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Survival Analysis Overview

Apr 21, 2015

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SAS Global Forum 2010

Statistics and Data Analysis

Paper 252-2010

Survival Analysis: Overview of Parametric, Nonparametric and Semiparametric approaches and New Developments Joseph C. Gardiner, Division of Biostatistics, Department of Epidemiology, Michigan State University, East Lansing, MI 48824ABSTRACT Time to event data arise in several fields including biostatistics, demography, economics, engineering and sociology. The terms duration analysis, event-history analysis, failure-time analysis, reliability analysis, and transition analysis refer essentially to the same group of techniques although the emphases in certain modeling aspects could differ across disciplines. SAS procedures LIFETEST, LIFEREG, PHREG, RELIABILITY, and QLIM have different capabilities for analyzing duration data. Methods include Kaplan-Meier estimation, accelerated life-testing models, and the ubiquitous Cox model. Recent developments in SAS extend their reach to include analyses of multiple failure times, recurrent events, frailty models, Markov models and use of Bayesian methods. We present an overview of these methods with examples illustrating their application in the appropriate context. INTRODUCTION Survival Analysis is a collection of methods for the analysis of data that involve the time to occurrence of some event, and more generally, to multiple durations between occurrences of different events or a repeatable (recurrent) event. From their extensive use over decades in studies of survival times in clinical and health related studies and failures times in industrial engineering (e.g., reliability studies), these methods have evolved to special applications in several other fields, including demography (e.g., analyses of time intervals between successive child births), sociology (e.g., studies of recidivism, duration of marriages), and labor economics (e.g., analysis of spells of unemployment, duration of strikes). Books and monographs continue to be published in this area that attest to its rich methodology and versatility. See references for a partial list. The typical context in biostatistics is a data gathering process that records an event time T measured from a specified time origin in a sample of patients. However, when follow up ends the event may not have occurred in some patients resulting in right censored event times. What we know is that T exceeds U, where U is the follow up time. The survival times of these patients are censored, and U is called the censoring time. Censoring will also occur if say a patient dies from causes unrelated to the endpoint under study, or withdraws from study for reasons not related to the endpoint. Such patients are lost to follow up. When there is a competing risk for the endpoint of death, it is important to ascertain whether death is due to the cause under study. Other forms of censoring are possible depending on the type of study. For example, if the true event time T is not observed but is known to be less than or equal to V, we have a case of left censoring. If all that is known about T is that it is somewhere between two times U and V (U t | z ] = exp( H ( t | z )) is expressed in relationship between S and H is more subtle when the distribution T is not continuous). We may interpret h ( t | z )t as a conditional probability because h ( t | z )t P [T < t + t |T t , z ] . For this reason h ( t | z ) is often referred to as the instantaneous risk of the event happening at time t. Other useful summary quantities in survival analysis are (suppressing dependence on z): terms of the cumulative hazard H ( t | z ) = h ( u | z )du where h ( t | z ) denotes the hazard function. (The0 t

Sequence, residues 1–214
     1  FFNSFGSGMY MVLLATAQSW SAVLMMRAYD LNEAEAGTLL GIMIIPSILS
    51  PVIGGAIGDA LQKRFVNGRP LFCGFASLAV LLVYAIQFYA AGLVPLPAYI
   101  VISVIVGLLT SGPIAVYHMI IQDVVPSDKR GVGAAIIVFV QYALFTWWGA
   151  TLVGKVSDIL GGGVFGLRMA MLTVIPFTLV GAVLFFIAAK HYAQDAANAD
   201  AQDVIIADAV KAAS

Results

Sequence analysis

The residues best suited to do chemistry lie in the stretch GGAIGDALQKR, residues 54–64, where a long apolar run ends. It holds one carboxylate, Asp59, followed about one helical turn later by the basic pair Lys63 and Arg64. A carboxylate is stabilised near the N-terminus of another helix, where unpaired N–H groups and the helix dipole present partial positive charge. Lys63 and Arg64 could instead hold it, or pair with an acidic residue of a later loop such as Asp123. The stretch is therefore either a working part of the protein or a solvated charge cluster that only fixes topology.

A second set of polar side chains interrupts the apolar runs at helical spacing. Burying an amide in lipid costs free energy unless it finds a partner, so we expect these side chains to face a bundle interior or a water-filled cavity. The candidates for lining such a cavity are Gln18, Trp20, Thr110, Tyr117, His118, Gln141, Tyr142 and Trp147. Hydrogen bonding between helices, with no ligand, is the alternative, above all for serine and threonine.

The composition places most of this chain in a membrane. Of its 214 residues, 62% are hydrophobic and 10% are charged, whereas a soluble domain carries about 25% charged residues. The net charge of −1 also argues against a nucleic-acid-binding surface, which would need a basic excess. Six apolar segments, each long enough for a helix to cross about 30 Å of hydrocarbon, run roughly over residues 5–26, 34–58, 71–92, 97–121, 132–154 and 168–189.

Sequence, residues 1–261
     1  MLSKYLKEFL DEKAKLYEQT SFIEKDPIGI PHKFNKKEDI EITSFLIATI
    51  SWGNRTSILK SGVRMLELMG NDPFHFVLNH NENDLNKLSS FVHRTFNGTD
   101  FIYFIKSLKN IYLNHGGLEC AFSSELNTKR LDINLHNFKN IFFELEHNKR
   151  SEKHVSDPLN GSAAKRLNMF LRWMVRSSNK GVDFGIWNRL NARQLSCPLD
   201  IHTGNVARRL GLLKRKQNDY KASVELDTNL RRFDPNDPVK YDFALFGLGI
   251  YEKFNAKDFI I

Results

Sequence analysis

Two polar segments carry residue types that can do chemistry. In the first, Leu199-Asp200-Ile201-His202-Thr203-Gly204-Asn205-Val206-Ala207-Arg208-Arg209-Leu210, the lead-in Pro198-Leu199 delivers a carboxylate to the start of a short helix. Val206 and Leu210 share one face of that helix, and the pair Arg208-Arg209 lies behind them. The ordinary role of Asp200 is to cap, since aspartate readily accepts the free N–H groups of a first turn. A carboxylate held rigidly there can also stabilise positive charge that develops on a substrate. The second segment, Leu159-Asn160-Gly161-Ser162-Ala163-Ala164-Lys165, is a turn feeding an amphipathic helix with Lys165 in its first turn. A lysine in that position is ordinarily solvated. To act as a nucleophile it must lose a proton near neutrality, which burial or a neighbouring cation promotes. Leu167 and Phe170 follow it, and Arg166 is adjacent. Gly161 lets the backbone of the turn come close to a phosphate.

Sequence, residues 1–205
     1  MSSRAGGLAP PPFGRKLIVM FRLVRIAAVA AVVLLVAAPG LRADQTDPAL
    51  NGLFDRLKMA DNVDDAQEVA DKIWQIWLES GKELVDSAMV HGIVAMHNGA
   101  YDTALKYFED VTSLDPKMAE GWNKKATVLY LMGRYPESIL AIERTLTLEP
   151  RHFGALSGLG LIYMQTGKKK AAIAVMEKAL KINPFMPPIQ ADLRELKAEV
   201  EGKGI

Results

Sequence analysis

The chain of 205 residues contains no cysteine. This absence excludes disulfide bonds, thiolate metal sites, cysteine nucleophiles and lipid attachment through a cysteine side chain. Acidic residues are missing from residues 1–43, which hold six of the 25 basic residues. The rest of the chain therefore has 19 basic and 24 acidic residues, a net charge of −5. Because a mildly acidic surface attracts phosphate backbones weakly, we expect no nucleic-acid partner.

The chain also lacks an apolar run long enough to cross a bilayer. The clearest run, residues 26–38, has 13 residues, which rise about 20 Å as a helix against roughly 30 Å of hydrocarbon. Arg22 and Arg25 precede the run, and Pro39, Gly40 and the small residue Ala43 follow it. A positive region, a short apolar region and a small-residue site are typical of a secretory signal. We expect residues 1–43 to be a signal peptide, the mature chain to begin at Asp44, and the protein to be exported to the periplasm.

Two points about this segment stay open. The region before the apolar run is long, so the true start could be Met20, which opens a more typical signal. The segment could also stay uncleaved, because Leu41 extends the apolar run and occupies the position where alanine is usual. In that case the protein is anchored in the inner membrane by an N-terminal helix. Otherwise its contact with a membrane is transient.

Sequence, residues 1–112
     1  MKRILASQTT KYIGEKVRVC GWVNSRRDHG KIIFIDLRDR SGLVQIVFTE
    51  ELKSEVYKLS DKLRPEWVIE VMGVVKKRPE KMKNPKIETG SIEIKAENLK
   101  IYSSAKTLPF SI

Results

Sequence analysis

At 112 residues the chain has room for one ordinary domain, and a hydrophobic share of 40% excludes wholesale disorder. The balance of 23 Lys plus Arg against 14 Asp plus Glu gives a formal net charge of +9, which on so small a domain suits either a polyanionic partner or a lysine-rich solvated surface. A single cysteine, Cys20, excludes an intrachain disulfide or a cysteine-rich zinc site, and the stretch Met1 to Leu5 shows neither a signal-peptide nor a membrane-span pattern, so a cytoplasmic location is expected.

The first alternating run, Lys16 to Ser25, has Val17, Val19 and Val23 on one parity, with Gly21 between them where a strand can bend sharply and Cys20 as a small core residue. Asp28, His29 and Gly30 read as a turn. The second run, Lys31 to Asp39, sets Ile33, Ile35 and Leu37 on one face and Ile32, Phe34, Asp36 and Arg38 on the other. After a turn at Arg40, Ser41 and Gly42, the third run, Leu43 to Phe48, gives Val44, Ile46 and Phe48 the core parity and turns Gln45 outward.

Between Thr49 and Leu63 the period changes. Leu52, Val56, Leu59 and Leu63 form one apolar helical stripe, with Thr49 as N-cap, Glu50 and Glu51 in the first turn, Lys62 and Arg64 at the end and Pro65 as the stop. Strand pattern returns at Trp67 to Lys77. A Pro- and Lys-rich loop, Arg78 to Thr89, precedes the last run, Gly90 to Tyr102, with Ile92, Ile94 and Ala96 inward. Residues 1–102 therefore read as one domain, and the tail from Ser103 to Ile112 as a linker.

= = Mean survival time, E(T )

0

S( t )dt

Mean survival restricted = E(min(T , L)) to time L, L =

L

0

S( t )dt

tp Percentiles of survival distribution, = inf{t > 0 : S( t ) 1 p } , 0 0, > 0 , and S0 is a known survival distribution SAS also allows the generalized gamma (GG) distribution which has an additional shape parameter. Here has the one-parameter log-gamma distribution with shape parameter k>0, i.e., S0 is the gamma survival distribution with shape parameter k. A re-parameterization suggested by Prentice (1974), recasts the GG in = the AFT form log T z1 + 0 Z where k = 2 , 0 = and the distribution of Z is defined for all 0. In the limit as 0, Z converges to the standard normal. SAS calls the shape and 0 the scale of the GG. Defined in this way, GG returns three special cases: with =0 the log normal; with =1 the Weibull; with =1 and 0 =1 the exponential. Testing of these restrictions within the parent GG is valid under maximum likelihood (ML) via for example, likelihood ratio and Lagrangian multiplier (score) tests. a. FITTING PARAMETRIC MODELS Initially we assume the within-patient times ( Ti 1 , Ti 2 ) are independent, making our sample comprise of 76 individual catheter insertions. The dist=gamma option requests fitting the GG to the model with covariates age and gender (Table 1, column 1). Wald tests produced by default indicate that age is not significant (p=.57), but gender is strongly significant (p